When I was done, I called Meryl back in and at first she was shocked to see what I had done, but got over it quickly. I asked her if Millie was done digging and she nodded, saying yes. I nodded as well and told her to tell Millie to prepare for the burial and asked Meryl to leave door opened. Again she nodded before leaving.
Once again I was alone with my best friend and again I could not think of anything to say. So, I lifted his body silently. This time I felt the dead weight as I carried him from the room and out the building to the grave. To my surprise, Millie had even made a headstone and when I stared at her in shock, her body was shaking with grief and noticed her hands were bleeding from her hard work. She must have not allowed Meryl to patch her up. I guessed she wanted to feel something other than sorrow.
Without looking at the wrapped body in my arms, I carefully lowered it into the grave. Millie sniffled and Meryl held her arm for comfort. We did not say a word as Millie stepped up to the grave. She retrieved a knife from her back pocket and brought it up to her hair. She cut off about an inch and dropped the light brown strands into the hole.
This was a normal ritual for Gunsmoke. Flowers were rare so people gave a piece of themselves when a loved one died. In a way, this was sadder than the old Earth tradition of placing flowers in a loved one's grave. This fairly new tradition was like burying yourself. It was like you died with the person you loved.
It was after Millie made offering that Meryl said the whole "ashes to ashes" thing and again I was surprised by the short girl. She knew the whole thing. Not many average people knew it. The short girl never stopped amazing me.
When she was done, Meryl asked me to bury Wolfwood's body with the sand and dirt. Millie said she would do it, but Meryl insisted that I should. She wanted Millie to get some sleep.
I nodded in agreement and picked up the shovel. I quickly but gravely scooped up the dirt and tossed it into the grave. I heard Millie give a choked sob as she watched me bury her lover. Meryl pulled her away whispering soothing words to the big girl and I continued with my work.
I remembered that I did not cry then and I did not cry when I was finished. I just stood over Wolfwood's grave. I stood there for hours before a turned and walked into the building the girls were occupying. It was then that I told Meryl everything about me. It was there I told her goodbye for the first time.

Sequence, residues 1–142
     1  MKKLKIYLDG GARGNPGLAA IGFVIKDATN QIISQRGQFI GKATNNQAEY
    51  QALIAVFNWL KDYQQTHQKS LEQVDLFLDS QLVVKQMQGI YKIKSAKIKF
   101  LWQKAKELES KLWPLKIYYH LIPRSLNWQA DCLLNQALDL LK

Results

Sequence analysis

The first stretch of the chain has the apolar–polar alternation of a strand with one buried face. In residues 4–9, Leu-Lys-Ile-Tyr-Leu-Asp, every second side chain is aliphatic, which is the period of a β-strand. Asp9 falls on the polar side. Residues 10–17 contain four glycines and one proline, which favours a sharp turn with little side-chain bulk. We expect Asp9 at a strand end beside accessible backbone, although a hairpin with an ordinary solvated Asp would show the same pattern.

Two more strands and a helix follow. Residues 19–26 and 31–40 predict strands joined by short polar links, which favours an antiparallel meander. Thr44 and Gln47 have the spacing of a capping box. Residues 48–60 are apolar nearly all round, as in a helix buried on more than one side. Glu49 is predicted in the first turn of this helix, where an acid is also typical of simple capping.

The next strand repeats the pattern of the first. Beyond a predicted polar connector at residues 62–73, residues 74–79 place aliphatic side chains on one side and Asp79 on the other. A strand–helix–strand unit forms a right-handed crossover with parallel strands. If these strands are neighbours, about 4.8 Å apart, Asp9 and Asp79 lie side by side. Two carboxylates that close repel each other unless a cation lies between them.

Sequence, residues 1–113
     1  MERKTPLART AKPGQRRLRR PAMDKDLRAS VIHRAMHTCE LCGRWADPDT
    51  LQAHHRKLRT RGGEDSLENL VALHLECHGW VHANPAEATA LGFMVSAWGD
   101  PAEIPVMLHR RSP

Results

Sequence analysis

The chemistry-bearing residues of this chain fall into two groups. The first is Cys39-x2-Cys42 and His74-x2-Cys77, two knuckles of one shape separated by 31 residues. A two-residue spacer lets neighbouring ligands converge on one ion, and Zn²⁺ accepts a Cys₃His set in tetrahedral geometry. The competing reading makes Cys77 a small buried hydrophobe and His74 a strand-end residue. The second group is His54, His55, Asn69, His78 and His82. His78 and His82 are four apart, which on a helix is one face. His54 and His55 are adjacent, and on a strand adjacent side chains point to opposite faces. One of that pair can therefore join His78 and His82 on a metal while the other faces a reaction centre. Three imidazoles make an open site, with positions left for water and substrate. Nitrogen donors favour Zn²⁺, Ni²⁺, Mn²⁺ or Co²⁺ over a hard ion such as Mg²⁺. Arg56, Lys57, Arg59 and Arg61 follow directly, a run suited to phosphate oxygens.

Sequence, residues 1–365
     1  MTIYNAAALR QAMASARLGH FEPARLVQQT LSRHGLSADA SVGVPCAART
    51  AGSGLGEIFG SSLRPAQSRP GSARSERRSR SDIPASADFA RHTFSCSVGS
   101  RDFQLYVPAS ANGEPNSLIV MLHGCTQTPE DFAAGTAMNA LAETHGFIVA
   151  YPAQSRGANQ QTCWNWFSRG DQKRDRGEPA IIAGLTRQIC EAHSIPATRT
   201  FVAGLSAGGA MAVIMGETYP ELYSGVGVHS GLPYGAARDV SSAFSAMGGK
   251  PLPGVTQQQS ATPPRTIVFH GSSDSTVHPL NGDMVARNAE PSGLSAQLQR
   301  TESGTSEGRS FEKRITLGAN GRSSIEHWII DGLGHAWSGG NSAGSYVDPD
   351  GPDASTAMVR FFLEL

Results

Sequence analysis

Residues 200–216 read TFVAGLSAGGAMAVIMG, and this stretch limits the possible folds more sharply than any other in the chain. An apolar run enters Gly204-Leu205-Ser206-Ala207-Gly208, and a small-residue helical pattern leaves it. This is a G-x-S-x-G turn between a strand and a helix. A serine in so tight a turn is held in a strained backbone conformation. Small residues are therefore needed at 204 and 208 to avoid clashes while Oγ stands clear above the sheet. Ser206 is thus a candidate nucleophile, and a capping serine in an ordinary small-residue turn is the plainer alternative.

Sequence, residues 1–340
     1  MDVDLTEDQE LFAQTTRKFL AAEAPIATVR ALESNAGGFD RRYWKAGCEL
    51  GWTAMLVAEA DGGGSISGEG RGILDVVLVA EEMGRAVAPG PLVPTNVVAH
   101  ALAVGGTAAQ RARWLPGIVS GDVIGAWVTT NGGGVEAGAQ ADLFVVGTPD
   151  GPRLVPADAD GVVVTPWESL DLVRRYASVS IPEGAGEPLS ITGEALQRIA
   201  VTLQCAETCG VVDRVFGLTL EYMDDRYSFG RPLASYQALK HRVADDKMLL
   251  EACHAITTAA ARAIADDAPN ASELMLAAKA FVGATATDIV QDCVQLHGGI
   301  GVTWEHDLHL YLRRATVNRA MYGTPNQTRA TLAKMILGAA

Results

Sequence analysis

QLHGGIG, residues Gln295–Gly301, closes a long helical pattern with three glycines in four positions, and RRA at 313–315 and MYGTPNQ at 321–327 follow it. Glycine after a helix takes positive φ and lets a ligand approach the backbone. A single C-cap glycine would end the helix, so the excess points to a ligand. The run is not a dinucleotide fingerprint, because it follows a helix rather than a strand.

Now, I find myself back here and once again I was standing in front of Wolfwood's grave. This time I found the words and the tears as I read…
"Here lies Nicholas D. Wolfwood, a great man with a big heart."
I smiled sadly at the stone. Millie always had a simple way of saying things.
"You shouldn't have died." I told him. "You should've asked for help. I'm sure the girls would have been able to patch you up. Your wounds weren't that bad."
I choked on my tears knowing what I had just said was true. His injury was bad, but he would not have died from them if he was able to get them treated.
"If only you didn't walk to that church and forced yourself to bleed out," I shouted at the grave. "I know you didn't want to die. You had so much to live for, but you just had to go and be dramatic."
Looked up at the sky and closed my eyes, tears falling violently down my cheeks.
"I know you didn't give up, I just know you didn't"
Even though I said it, I did not believe myself. But I had a feeling that it was true. I had a feeling that Wolfwood really did not want to die. I believe that he believed that his injuries were worse than they were. I believe that he believed that he was going to die no matter what.
"Dammit," I said. "I wish I could have saved you."
I look back down at the grave.
"How could you have left us alone?"
With that whispered question I turned to find shelter and a place to sleep.
The next morning I walked back to the grave and buried one of the guns from his punisher, a earring I had stolen from Meryl, and a piece of my red duster.
"There," I said. "Now you have a piece of all of us."
A tear fell to the dry ground as a stood and smiled sadly at the headstone.
"Goodbye dear friend," I said solemnly. "May your next life bring you the joy you deserved in this one."
With those words I gathered my things and walked from that abandoned town to the town where I last saw the girls. I was hoping with all hope that they somehow were still there. And if they were not, I was hoping someone would be able to tell me where they went.